No, I take that back, don't look at Ned. I sometimes forget and tell reprobate sinners like yourself to look at the wrong people. I know Ned personally, and I know it is no fun for him when people are looking. Believe me, it is not easy for a man to be the son of Billy Graham, and the brother of Rev. Frankie Graham, and to still have your fun, and also to serve as the president of East Gates International, which has brought China to Christ and vice versa. It's probably better to look at Frankie. But my only point is that, after you get saved, if you should happen to look somewhere else for spiritual release than in one of Frankie Graham's books (for example, if you should happen to look right up a girl's skirt on the high school staircase), the Lord will forgive you for doing it - but only if you have taken those Four Steps to Peace With God. Otherwise, you're screwed, and not in the sense you were just thinking of.
Don't get me wrong: I've read a dozen books by Billy Graham, and got a kick out of every one of them. But Billy didn't publish tiresome rants against Muslims and religious Jews.
When offering a prayer at the inauguration of President George W. Bush, Franklin Graham prayed in the name of Jesus. The younger Graham then turned to the younger Bush and reminded him, "The name is the only thing we've got."
The Power of His Name May 19, 2007
THE NAME is a book that needed to be written, and Franklin Graham is the one who needed to write it. Writing in an anecdotal, even an autobiographical style (rather than a scholarly style, for example) the author addresses two questions that his personal experiences had forced him to confront: "Why is it when people curse using His Name, hardly anyone complains? But if you speak about Him with respect or pray in His Name, some people call 'foul?"
I recall well what a joy it was during the 2001 Presidential Inauguration to hear Franklin Graham and Pastor Kirbyjon Caldwell both pray boldly in the name that is above every other name, the name of Jesus Christ! Anyone familiar with the strength of the tolerance doctrine (except when it comes to Christians, then it is the no-tolerance doctrine) and the iron grip of the unforgiving traditions of "political correctness" in our society, particularly in political and public service circles today will understand well enough how much conviction and courage it took for each to do what he did on that day.
The author does a good job of responding to the two key questions above from a number of different angles. He does not shy away from presenting the historically-proven fact that obedience to God -- including honoring The Name of His Only Begotten Son Jesus Christ -- comes with a price, and that sometimes the cost is one's life. Jesus, Himself, warned His followers of the cost of following Him, adhering to His Name.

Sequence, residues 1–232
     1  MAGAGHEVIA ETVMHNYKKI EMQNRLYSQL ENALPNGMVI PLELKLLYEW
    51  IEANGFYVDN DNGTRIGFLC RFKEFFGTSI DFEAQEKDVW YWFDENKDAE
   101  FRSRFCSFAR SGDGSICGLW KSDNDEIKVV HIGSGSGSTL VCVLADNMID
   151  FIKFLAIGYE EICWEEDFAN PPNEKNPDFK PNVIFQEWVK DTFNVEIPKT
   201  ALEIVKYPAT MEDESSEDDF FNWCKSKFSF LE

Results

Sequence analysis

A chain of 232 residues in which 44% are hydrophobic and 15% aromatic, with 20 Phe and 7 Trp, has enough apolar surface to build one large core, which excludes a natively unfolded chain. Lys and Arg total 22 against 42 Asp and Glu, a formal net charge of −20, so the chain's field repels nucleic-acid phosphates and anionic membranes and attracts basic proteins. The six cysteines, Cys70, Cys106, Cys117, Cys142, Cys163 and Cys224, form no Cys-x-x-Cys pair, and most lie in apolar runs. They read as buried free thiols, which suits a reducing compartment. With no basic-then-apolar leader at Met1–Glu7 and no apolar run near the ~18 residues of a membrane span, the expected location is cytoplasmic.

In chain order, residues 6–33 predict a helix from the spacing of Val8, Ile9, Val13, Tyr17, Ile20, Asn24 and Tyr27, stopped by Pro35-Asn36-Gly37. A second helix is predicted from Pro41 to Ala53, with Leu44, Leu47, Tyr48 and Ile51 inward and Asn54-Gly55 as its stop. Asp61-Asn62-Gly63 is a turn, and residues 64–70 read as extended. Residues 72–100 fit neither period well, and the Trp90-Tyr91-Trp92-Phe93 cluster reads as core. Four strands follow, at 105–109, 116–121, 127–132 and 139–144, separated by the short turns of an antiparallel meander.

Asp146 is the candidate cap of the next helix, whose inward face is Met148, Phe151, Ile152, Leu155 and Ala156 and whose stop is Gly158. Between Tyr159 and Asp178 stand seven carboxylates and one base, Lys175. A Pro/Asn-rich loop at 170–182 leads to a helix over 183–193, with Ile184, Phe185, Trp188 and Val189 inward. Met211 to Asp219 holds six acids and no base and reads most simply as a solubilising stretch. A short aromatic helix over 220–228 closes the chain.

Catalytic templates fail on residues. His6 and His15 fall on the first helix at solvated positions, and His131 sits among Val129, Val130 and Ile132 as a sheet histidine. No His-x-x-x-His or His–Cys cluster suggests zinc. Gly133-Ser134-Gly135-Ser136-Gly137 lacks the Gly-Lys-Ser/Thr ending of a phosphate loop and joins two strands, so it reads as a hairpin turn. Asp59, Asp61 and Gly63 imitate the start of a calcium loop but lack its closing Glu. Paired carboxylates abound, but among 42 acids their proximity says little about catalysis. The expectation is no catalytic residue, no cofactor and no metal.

If I find a fault with this book it is that the author is scant in his recognition that attacks upon The Name can come most insidiously through organized churches claiming the Name of Jesus Christ, but whose members expose by their very own actions and words that they are none of His. Jesus also warned of these: "Not every one that saith unto me, Lord, Lord, shall enter into the kingdom of heaven; but he that doeth the will of my Father which is in heaven. Many will say to me in that day, Lord, Lord, have we not prophesied in thy name? and in thy name have cast out devils? and in thy name done many wonderful works? And then will I profess unto them, I never knew you: depart from me, ye that work iniquity." Matt 7:21-23. It could be that the author has not had a great deal of experience with such as these.
THE NAME covers well enough what the author stated that he intended to cover in the book, and it is a worthwhile book to read.
He is Great Apr 10, 2007
The Name is one of my favorite book I really like the way he writes
Egotistical bore-fest Nov 15, 2006
I'm a fan of religious literature, and lately I've been into reading fanatical or evangelical religious books and ideologies. I picked this up for two reasons- I thought any book written by Billy Graham and his offspring had to fill my qualifications for being "good evangelical literature," and secondly because it was 98 cents at the UNT bookstore (although looks like I could have gotten a better deal here).
Unfortunately, and easily within the first chapter or two, I was bombarded by the limitless cliches and poor/boring writing style of this Graham spawn. Add to that his book focused squarely around himself and his foundation- Samaritan's Purse- and the many good and evangelical-like things they have done for the post-9/11 United States and for the world (mostly third world or non-Christian countries). This would have been moderately enjoyable had it been what I signed up for, but as far as I know this was not "Praising Jesus in my Father's Footsteps: The Autobiography of Franklin Graham." I had thought it was going to be (more) about Christians in a country that just was not Christian enough, but unfortunately, that seemed more like an undertone than a main subject.
My beef with this book was less the self-righteous air he gave off as a "struggling Christian" trying to overcome the stigma and prejudices from the overly-"tolerant" American society, my beef was mostly with the drudging writing style, the continuous digressions into stories that served no purpose other than to make him seem like a more righteous Christian- more worthy of writing a book about Jesus. My problems were with the fact that this was less classically evangelic and more self-involved, more an autobiography, more a timeline of his sucesses as a preacher- a preacher following and guided by his much-more-famous father.
I say skip this book, you can get better Christian diatribes from his father, or from other evangelic writers. He may be a great preacher, may be a great guy, but he's not a spectacular writer.